Sales of Previously Owned U.S. Homes Probably Eased in January
Sales of previously owned U.S. homes probably eased in January, reflecting a pause in momentum for the industry coming off its best year since 2007, economists said before a report today.
Purchases fell 0.8 percent to a 4.9 million annualized rate last month from December’s 4.94 million, according to the median forecast of 79 economists surveyed by Bloomberg. Other data may show consumer prices were contained in January and a measure of the economic outlook for the next three to six months climbed.
A sustained pickup in housing will depend on faster progress in the labor market, fewer foreclosures and easier access to credit. Near record-low mortgage costs and the prospect of firming prices may induce buyers to return to the market at a time the available supply of homes is shrinking, posing a potential restraint on sales.
“Housing is still very much in recovery,” said Scott Brown, chief economist at Raymond James & Associates in St. Petersburg, Florida. “It could be a lot faster. We do need to see job gains continuing. Banks are a little more willing to lend, but it’s still a very gradual process.”
The Realtors’ report is due at 10 a.m. in Washington. Bloomberg survey estimates ranged from 4.7 million to 5.1 million.
At 8:30 a.m., Labor Department figures may show the consumer-price gauge advanced 0.1 percent in January, the first increase in three months, according to the Bloomberg survey median. The core index, which excludes volatile food and energy expenses, may have climbed 0.2 percent after a 0.1 percent gain. Compared with January 2012, the core rose 1.8 percent, the smallest year-over-year increase since July 2011, the survey median showed.
Applications for jobless benefits may have climbed for the first time in three weeks, economists forecast before another 8:30 a.m. report from the Labor Department. The median estimate of 355,000 claims for last week compares with 367,000 at the end of last year and shows some progress in the job market.
In a sign manufacturing is stabilizing, the Federal Reserve Bank of Philadelphia’s general economic index may have rebounded to 1.1 in February from minus 5.8 last month, the Bloomberg survey median showed. The report is due at 10 a.m.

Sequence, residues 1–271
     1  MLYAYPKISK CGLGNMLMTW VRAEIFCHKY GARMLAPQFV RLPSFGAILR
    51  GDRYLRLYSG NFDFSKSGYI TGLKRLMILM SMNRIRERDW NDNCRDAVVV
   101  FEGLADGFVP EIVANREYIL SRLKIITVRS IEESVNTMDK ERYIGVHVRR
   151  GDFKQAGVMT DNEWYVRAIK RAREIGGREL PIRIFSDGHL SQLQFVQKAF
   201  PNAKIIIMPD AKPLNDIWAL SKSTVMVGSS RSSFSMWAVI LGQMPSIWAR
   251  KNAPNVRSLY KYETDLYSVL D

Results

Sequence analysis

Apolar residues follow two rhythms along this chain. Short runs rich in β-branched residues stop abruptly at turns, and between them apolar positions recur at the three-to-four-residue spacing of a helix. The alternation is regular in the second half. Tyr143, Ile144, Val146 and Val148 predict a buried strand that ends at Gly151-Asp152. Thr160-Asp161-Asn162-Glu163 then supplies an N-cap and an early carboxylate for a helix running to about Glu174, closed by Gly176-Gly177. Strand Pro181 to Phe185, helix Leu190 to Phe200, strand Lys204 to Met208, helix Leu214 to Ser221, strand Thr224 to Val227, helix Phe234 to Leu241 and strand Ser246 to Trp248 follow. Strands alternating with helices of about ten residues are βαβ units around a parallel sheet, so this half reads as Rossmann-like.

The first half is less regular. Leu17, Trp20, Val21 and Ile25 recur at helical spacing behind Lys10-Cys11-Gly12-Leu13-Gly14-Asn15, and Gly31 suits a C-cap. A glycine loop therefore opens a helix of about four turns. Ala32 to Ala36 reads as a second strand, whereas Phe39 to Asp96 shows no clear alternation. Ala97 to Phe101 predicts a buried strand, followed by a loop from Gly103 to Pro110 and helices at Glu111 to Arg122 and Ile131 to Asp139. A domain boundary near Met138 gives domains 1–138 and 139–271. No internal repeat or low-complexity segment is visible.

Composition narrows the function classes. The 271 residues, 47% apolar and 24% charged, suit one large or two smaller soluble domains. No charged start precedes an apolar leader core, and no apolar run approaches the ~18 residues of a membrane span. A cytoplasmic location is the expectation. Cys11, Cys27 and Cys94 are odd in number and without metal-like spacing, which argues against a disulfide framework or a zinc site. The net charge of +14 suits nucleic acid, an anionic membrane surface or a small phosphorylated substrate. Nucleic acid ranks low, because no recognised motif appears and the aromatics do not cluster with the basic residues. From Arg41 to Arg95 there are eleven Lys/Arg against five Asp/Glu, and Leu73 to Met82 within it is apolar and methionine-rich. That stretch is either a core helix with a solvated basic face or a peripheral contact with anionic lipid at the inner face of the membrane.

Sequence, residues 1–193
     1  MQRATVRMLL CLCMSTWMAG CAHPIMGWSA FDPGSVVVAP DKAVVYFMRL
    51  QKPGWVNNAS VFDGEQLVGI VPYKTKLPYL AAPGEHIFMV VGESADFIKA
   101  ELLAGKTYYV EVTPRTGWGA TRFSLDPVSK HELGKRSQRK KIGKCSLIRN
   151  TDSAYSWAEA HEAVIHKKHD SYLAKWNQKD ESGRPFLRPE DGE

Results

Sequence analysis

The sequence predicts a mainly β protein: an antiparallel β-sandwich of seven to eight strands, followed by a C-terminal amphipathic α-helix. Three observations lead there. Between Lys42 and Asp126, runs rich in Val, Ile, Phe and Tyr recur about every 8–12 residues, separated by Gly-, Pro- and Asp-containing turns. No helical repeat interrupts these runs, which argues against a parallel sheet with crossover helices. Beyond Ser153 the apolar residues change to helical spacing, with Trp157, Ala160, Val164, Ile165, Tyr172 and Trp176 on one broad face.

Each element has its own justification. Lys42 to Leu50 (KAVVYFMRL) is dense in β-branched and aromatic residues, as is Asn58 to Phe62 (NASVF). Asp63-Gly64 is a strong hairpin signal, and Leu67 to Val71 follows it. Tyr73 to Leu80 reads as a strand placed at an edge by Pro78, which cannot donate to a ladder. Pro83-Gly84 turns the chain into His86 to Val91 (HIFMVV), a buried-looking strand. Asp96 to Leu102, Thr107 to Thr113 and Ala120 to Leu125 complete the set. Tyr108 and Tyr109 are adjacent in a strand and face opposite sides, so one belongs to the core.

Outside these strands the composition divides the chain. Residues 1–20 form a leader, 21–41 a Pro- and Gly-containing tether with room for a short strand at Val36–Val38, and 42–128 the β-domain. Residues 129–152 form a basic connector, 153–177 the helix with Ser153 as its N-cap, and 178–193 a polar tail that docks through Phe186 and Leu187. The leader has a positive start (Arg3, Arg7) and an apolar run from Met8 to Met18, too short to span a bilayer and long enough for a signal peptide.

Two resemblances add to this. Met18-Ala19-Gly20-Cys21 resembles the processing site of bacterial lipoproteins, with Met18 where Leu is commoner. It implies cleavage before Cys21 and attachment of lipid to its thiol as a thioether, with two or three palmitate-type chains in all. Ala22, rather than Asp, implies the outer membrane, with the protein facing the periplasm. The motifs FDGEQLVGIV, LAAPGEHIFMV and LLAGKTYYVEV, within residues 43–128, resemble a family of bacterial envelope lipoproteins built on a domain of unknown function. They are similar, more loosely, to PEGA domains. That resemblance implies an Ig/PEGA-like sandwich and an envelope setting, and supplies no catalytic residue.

At the same time, figures from the Conference Board may show its gauge of U.S. leading indicators climbed 0.2 percent in January, according to economists surveyed by Bloomberg. The gain, following a 0.5 percent increase in December, signals the world’s largest economy will keep expanding this year.
Existing-home sales, tabulated when a contract closes, have recovered since reaching a 13-year low of 4.11 million in 2008. The market peaked at a record 7.08 million in 2005. A total of 4.65 million previously owned houses were sold last year, the most since 2007 and up 9.2 percent from 2011. Resales accounted for about 93 percent of the residential market in 2012.
Company results indicate the improvement in residential real estate will continue. PulteGroup (PHM), Lennar Corp. (LEN) and D.R. Horton Inc. (DHI), the top three U.S. homebuilders by market value, said orders rose in the most recently reported quarter.
A report yesterday from the Commerce Department showed single-family home starts increased in January to the highest level since July 2008. Total housing starts dropped to an 890,000 pace, restrained by a drop in construction of multifamily dwellings.
This year may show “at least 950,000 housing starts, probably closer to 1 million, based upon what we have seen so far in terms of order rates as well as permitting activity,” Gregory Hayes, chief financial officer at United Technologies Corp. (UTX), said at a Feb. 7 conference. The Hartford, Connecticut- based company’s businesses include Carrier air conditioners and Otis elevators.
“If housing starts really do pick up as we expect and the economy picks up as we expect, I think what you’ll see is pretty good growth in the residential business” that includes Carrier air conditioners, Hayes said.
Buying a property is more affordable for those who can get credit. The average fixed rate on a 30-year loan held at 3.53 percent in the week ended Feb. 14, down from 3.87 percent a year ago, according to McLean, Virginia-based Freddie Mac.
Delinquencies, while still a hurdle to the industry’s rebound, continue to wane. Foreclosure filings fell 28 percent in January from a year earlier to the lowest level since April 2007, as a new California law slowed first-time defaults in the most-populous state, according to RealtyTrac, an Irvine, California-based data provider.
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